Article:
We set sail out of Port Sudan with the exciting prospect of have two weeks to go where ever we wanted and the luxury of having only two guests.We welcomed Corey Knowlton from Texas back to Sudan, joined by his good friend John Lewton from Montana.
We got together the first night and feverishly put together a two-week itinerary that would best suit the weather and wind conditions for the time ahead.Having already caught their fair share of triggerfish on their previous trip to Sudan, we knew that this trip would largely be focused on the trevally and extra special species. Speaking of the extra special! On our first day, we hooked two fish that are shrouded in legend in Sudan. That is the Giant Sweetlips tailing on a few of the flats. The first one of about 20lb made it all the way to the net and in a final surge popped the leader. Devasted, but inspired by the thought of it being possible! We pushed on and after an amazing stalk hooked a second much larger fish. With this fish entering the ring at about one meter long and weighing in at about 50lb we did everything to try to keep it on the flat with myself even running the edge of the flat smashing the water to try to chase it back inside. Tragically with one last surge, it got its head of the flat and into coral bommie cutting us off. Sadly, that was the last real shot we had on sweetlips for the rest of the trip. But that’s how it goes sometimes. We continued to walk the windward side of the island and landed two very decent GT’s sighted in the waves.
The next few days we fished multiple pinnacles. The pinnacles all have the same features more or less, which is a small island (sometimes just shells) with a lagoon running along the long leeward side with a narrow hard bottom flat surrounding, followed by a surf zone and then a 40 – 60meter vertical wall!
This meant that at any one of these pinnacles you could find almost every time of target species in the Red Sea.
And Find everything we did! Like I mentioned Corey and John were not overly keen on the triggerfish, but on some of the flats, we waded through “clouds” of triggers, casting at schools as opposed to single individual fish.
We had a few really good shots on permit that did not oblige. We caught many bluefin trevally and snapper each day with a boast of at least two GT’s landed each day with many more hooked and lost.
We had one amazing day on a particular island. We landed 13 GT’s in one afternoon and hooked many more sadly as it goes, we lost all of our very big Geets, but we did hook 3 fish that in the 115cm department but they were just a bit too much GT for the spots that they were hooked.
We continued with the plan knowing that we had time as our Allie and that by order of odds we would land the GT that we were after. Our weather report said that we had two days of north winds to look forward to which we knew would give the flat that we had seen the sweetlips and permit the waves that it needed. So, we made a night navigation back to the island and decided to put two days into permit fishing. This proved to be a great decision as of those two days we had 22 really good shots on multiple permit all ranging from about 10 to 25pounds.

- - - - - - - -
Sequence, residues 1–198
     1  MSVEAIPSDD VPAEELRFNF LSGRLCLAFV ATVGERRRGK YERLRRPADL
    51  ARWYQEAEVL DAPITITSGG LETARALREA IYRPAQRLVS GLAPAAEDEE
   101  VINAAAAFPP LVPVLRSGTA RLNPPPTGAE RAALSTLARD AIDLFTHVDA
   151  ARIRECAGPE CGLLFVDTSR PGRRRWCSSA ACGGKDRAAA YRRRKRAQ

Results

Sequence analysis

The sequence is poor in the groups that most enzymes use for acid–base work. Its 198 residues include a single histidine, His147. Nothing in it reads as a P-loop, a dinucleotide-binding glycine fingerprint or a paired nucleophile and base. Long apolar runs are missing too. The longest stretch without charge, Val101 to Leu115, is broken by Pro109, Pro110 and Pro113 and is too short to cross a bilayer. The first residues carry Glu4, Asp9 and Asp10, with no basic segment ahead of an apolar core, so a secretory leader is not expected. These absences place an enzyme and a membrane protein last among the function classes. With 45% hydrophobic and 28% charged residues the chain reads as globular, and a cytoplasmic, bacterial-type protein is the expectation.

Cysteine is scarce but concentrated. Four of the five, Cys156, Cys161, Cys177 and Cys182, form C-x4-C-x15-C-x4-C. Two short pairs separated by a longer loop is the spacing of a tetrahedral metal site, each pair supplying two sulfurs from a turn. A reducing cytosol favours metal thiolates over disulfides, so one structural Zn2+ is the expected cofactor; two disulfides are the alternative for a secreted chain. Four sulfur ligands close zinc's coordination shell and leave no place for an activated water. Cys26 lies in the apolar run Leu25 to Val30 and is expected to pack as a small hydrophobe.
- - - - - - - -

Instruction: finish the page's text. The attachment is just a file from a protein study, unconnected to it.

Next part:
On the first day Corey and I spotted a school of six permit working the coastline and after some careful planning,g we hooked one of about 15 pounds which proved a little big for the flat and after putting everything to its breaking point the fish managed to get off the flat and cut us off. The second day Corey and Nicola headed up
the coast and around the corner. A few hours later the return with two stupid looks on their faces. They had finally done it and landed to our knowledge the second Indo-pacific permit on fly in Sudan.
With the huge burden lifted we move all our attention to a huge GT for our final five days. Unfortunately, we had a small hole develop in the head of the main engine, so we had to change boats. This was by no means a compromise and it all worked out that we even gained a bit of fishing time. We move back out to some new pinnacles and reefs. Dedicating our days to walking lagoons and teasing for the GTs. We found exactly what we were looking for and sometime a bit more than we bargained for with some of the teasers bring in up to 15 fish at a time, all jostling for the front position. Often in an amongst the GT’s we had multiple bluefin
and snapper and quite often even a big shark or two. Of the third to last day, Corey and Nicola landed a tremendous fish over a meter and so the pressure was off.
We decided to try put one morning into finding a bonefish on the coast. We had terrible light and some strong wind. So, spotting bones was very difficult. John and I found a truly massive Permit tailing in about half a meter of water with 5 smaller fish. John made a great cast and the big fish moved on the fly, but the fly was snaked but one of the much smaller permit. In all the excitement the small fish broke john off and the shot was gone.
It was an absolute pleasure in the last few days with incredible fishing. John hooked
two GT’s sighted in one of the lagoons that were both 115cm plus. Sadly, we had catastrophic line explosions on both of these fish. John did lad two fish of 95cm, that were both sighted and caught on the flats. With Corey landing many more.
So, to conclude with a few stats: between two anglers over two weeks; roughly 700km sailed; 46 giant trevally landed; one Indo-pacific Permit; a genuinely unknown amount of or lost.
leaving the Nubian Flats each year, one can’t help but get excited about applying the ever-growing pool of knowledge in the seasons to follow on this Vast, untouched and unique fishery.
cheers for now Stu.
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